THE MISDIRECTED LIFE
Lord, thank You for speaking to us so frankly.
Read LUKE 12:13–21
The Parable of the Rich Fool
13 Someone in the crowd said to him, “Teacher, tell my brother to divide the inheritance with me.”
14 Jesus replied, “Man, who appointed me a judge or an arbiter between you?” 15 Then he said to them, “Watch out! Be on your guard against all kinds of greed; life does not consist in an abundance of possessions.”
16 And he told them this parable: “The ground of a certain rich man yielded an abundant harvest. 17 He thought to himself, ‘What shall I do? I have no place to store my crops.’
18 “Then he said, ‘This is what I’ll do. I will tear down my barns and build bigger ones, and there I will store my surplus grain. 19 And I’ll say to myself, “You have plenty of grain laid up for many years. Take life easy; eat, drink and be merry.”’
20 “But God said to him, ‘You fool! This very night your life will be demanded from you. Then who will get what you have prepared for yourself?’
21 “This is how it will be with whoever stores up things for themselves but is not rich toward God.”
New International Version (NIV)
Holy Bible, New International Version®, NIV® Copyright ©1973, 1978, 1984, 2011 by Biblica, Inc.® Used by permission. All rights reserved worldwide.
“Set your hearts on things above, where Christ is, seated at the right hand of God.” (Colossians 3:1)
Few words of Jesus are more penetrating for today’s disciples to hear than these. After all, we do live in a world that is dedicated to the precise opposite of what Jesus says here. We are con-ditioned to believe that our life does indeed consist in the abundance of the things we possess. This is the age of the upgrade, the search for more, bigger, and better. Yet there is a problem: we actually do need to consume. We do need food, clothes, shelter, education, culture and much else. We do need to make reasonable provision for the future in order to be a minimal burden on others. How do we avoid the legitimate need to consume amidst a culture of consumerism?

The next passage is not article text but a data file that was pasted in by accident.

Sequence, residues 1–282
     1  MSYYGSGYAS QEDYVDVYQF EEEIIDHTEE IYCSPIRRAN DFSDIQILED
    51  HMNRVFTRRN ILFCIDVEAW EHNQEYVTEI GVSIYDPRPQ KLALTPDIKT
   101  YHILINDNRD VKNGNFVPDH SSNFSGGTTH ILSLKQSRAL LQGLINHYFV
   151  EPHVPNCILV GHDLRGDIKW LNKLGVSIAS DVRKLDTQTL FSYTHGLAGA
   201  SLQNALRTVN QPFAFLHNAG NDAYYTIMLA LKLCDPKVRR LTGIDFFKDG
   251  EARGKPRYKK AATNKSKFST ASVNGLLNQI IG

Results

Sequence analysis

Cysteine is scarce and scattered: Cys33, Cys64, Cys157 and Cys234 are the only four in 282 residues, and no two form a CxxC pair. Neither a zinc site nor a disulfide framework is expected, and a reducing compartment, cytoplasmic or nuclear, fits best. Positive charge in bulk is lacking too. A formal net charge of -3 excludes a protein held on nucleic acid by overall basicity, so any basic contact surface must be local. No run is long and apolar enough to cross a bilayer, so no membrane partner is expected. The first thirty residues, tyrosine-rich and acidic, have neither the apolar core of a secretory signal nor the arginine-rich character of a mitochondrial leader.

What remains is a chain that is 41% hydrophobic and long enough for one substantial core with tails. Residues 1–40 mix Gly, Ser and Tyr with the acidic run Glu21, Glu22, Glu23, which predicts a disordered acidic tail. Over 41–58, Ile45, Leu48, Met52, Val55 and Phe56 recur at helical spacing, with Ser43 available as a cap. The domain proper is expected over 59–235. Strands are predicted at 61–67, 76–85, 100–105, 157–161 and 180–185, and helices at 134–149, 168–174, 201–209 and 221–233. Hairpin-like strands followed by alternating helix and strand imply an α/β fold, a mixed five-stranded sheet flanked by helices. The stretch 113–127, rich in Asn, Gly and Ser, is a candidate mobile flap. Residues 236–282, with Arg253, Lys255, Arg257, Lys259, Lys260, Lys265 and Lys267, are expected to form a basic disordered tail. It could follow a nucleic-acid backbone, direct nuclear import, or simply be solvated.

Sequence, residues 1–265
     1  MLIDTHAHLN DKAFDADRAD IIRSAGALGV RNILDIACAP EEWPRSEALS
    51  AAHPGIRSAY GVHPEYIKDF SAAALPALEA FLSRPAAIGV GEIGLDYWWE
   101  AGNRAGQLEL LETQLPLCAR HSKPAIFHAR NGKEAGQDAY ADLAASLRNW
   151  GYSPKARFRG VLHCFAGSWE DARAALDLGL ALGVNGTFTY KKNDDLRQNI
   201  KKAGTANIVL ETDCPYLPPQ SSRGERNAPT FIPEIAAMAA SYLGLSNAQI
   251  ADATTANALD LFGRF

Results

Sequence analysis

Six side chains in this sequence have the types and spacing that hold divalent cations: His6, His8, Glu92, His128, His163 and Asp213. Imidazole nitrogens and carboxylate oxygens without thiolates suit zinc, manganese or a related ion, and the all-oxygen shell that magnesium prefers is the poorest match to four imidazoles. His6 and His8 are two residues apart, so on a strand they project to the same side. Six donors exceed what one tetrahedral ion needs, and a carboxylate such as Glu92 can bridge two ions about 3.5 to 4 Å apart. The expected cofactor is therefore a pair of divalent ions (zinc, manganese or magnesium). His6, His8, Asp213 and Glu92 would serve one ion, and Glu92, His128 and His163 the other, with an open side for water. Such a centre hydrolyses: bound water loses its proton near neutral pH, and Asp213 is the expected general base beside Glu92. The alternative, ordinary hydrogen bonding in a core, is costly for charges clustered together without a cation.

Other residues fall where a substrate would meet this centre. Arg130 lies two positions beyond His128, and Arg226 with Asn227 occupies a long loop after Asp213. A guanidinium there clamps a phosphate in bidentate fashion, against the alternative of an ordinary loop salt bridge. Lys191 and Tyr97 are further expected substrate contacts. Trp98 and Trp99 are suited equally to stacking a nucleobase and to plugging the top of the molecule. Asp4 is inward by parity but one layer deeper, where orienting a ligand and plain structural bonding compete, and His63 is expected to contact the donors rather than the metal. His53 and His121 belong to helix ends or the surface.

The parable of the rich fool is triggered by someone in the crowd trying to get Jesus to arbitrate over an inheritance dispute. Jesus wisely declines. Perhaps the person has a legitimate case, but Jesus discerns a greedy attitude and refuses to get involved. It prompts him to point out the foolishness of putting trust in the search for security through possessions. Moreover, he points out that this can even be a kind of poverty. Life is precarious; nothing is guaranteed. Being “rich to-wards God” is what counts (21). This is the God who reckons every human being to be worth more than many sparrows and who does not forget us but knows the hairs on our head (6, 7). This God can be trusted with our anxieties and can provide all that we need – and more. He is our Father, and he knows how to give good gifts (Luke 11:11–13). What more do we need than a loving Father to whom the whole earth belongs?
These sobering words of Jesus should prompt us to take stock of our attachment to things. How much do we really need? How can we be truly rich?
Take some moments to express gratitude to God. Surrender everything.
Father in heaven, we Your children look to You to provide everything that we need to function in this life as we continue to serve You.
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